Solution structure of the Alzheimer amyloid beta-peptide (1-42) in an apolar microenvironment. Similarity with a virus fusion domain.Crescenzi, O., Tomaselli, S., Guerrini, R., Salvadori, S., D'Ursi, A.M., Temussi, P.A., Picone, D.
(2002) EUR.J.BIOCHEM. 269: 5642-5648
- PubMed: 12423364
- PubMed Abstract:
The major components of neuritic plaques found in Alzheimer disease (AD) are peptides known as amyloid beta-peptides (Abeta), which derive from the proteolitic cleavage of the amyloid precursor proteins. In vitro Abeta may undergo a conformational tr ...
The major components of neuritic plaques found in Alzheimer disease (AD) are peptides known as amyloid beta-peptides (Abeta), which derive from the proteolitic cleavage of the amyloid precursor proteins. In vitro Abeta may undergo a conformational transition from a soluble form to aggregated, fibrillary beta-sheet structures, which seem to be neurotoxic. Alternatively, it has been suggested that an alpha-helical form can be involved in a process of membrane poration, which would then trigger cellular death. Conformational studies on these peptides in aqueous solution are complicated by their tendency to aggregate, and only recently NMR structures of Abeta-(1-40) and Abeta-(1-42) have been determined in aqueous trifluoroethanol or in SDS micelles. All these studies hint to the presence of two helical regions, connected through a flexible kink, but it proved difficult to determine the length and position of the helical stretches with accuracy and, most of all, to ascertain whether the kink region has a preferred conformation. In the search for a medium which could allow a more accurate structure determination, we performed an exhaustive solvent scan that showed a high propensity of Abeta-(1-42) to adopt helical conformations in aqueous solutions of fluorinated alcohols. The 3D NMR structure of Abeta-(1-42) shows two helical regions encompassing residues 8-25 and 28-38, connected by a regular type I beta-turn. The surprising similarity of this structure, as well as the sequence of the C-terminal moiety, with those of the fusion domain of influenza hemagglutinin suggests a direct mechanism of neurotoxicity.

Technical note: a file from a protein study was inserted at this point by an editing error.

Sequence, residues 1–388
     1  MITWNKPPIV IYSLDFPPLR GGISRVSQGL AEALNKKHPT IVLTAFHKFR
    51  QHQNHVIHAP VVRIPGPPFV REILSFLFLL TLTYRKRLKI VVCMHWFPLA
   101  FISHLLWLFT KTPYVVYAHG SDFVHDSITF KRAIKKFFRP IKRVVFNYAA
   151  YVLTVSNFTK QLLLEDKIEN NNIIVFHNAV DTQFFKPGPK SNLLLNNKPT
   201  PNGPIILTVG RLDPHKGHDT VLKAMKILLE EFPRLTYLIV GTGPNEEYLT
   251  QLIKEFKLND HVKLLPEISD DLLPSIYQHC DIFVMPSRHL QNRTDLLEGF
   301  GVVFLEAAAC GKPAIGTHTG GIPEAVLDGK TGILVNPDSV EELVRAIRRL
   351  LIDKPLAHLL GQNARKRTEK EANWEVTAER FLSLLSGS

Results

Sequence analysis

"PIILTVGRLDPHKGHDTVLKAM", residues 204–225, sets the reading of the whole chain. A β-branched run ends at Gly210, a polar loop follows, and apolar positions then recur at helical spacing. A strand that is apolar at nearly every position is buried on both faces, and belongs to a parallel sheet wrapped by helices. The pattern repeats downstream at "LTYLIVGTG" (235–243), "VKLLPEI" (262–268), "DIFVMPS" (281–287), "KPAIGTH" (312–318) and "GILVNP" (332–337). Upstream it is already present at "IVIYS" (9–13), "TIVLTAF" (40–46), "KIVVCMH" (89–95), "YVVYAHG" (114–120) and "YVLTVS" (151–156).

Dipartimento di Chimica, Università degli Studi di Napoli 'Federico II', Italy.